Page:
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Fast Thinking January 26, 2024

What just happened in the genocide case against Israel?

By Atlantic Council


To be continued. The International Court of Justice (ICJ) on Friday ruled that South Africa’s genocide case against Israel will proceed, and ordered Israel to limit harm to Palestinians as it continues its war against Hamas in Gaza. But the court did not call for a cease-fire, as South Africa had requested. What is the practical effect of the preliminary ruling, and what’s next in the courtroom and on the battlefield? Atlantic Council experts are on the case.


Why it matters?

  • While the court did not call for a cease-fire, it did find South Africa’s claims of genocide plausible and accordingly ordered Israel to “do everything within its power to prevent genocidal acts against Gazans” and “take concrete actions to ease what the court found to be a ‘catastrophic humanitarian situation’ and restore conditions that can support life in Gaza, not risk its destruction,” Elise tells us.
  • Those concrete actions, Elise adds, should include Israel allowing more humanitarian aid, limiting its military operations to facilitate that aid, and halting its telecommunications blackouts in Gaza.
  • In Tom’s view, the ICJ merely asserted that Israel must follow Genocide Convention rules to which it has already committed. The decision is “an important blow to the argument advanced by Israel’s critics that death and destruction in Gaza are sufficient to establish a violation of the Genocide Convention.”
  • But Gissou notes that a close read of the order has led many experts to argue that “implementing these provisional measures is impossible without cessation of kinetic activity” and thereby the court may essentially be ordering a cease-fire without expressly calling for one.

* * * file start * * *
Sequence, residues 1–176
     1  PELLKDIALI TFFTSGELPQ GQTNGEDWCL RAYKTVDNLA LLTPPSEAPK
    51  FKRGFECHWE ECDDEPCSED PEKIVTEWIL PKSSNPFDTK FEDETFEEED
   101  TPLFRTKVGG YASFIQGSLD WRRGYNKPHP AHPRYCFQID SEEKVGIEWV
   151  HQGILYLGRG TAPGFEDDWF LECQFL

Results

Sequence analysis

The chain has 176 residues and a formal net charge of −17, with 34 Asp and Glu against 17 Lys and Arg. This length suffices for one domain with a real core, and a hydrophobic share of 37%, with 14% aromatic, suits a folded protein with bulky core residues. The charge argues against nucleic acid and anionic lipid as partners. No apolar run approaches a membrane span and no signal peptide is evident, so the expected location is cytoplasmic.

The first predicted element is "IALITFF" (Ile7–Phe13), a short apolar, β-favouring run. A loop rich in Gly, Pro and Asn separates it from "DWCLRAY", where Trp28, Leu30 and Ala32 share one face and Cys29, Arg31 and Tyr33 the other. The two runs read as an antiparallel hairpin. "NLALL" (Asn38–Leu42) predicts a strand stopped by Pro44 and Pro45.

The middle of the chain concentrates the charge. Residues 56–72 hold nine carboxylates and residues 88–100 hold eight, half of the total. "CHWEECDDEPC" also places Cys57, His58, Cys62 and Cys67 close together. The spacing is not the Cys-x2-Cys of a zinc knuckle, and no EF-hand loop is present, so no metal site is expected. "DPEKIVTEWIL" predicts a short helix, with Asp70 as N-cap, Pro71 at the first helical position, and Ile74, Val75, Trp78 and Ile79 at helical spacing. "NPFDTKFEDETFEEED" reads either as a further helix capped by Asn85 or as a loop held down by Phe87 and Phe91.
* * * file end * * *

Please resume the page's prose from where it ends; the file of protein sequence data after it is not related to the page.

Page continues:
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Battlefield realities

  • In Israel, leaders likely “breathed a sigh of relative relief,” Shalom tells us, that the court didn’t order a cease-fire. He says the decision is “unlikely to compel any drastic reconfiguration of Israel’s war deployment or narrative.”
  • That’s in part because in Israel’s view, it is already taking all measures within its power to protect Palestinians and provide them aid, Shalom says, “despite the complex circumstances of fighting a terrorist group embedded among a civilian population.”
  • In the legal battle, Tom says that South Africa “will now have to establish an intent to destroy Palestinians in Gaza in whole or in substantial part—not by inference alone, but by proof of actual intent.” This is “likely to fail,” he adds, when the court decides on the merits in the coming years.

Eye on Washington

  • Given Prime Minister Benjamin Netanyahu’s comments that Israel will settle for nothing less than “absolute victory,” Gissou says that “the hope will lie with” outside countries “to recognize the gravity of the ICJ order and to urge compliance.” 
  • The outside country with the most leverage is the United States. Gissou predicts that “the US government may use the explicit lack of a cease-fire order as political cover,” claiming that it has met the ICJ’s ruling by helping humanitarian assistance reach Gazans.
  • “Concerned governments and advocates should push back on any such cynical framing,” she adds.

Further reading

Related Experts: Elise Baker, Thomas S. Warrick, Gissou Nia, and Shalom Lipner

Image: Judges at the International Court of Justice (ICJ) rule on emergency measures against Israel following accusations by South Africa that the Israeli military operation in Gaza is a state-led genocide, in The Hague, Netherlands, January 26, 2024. REUTERS/Piroschka van de Wouw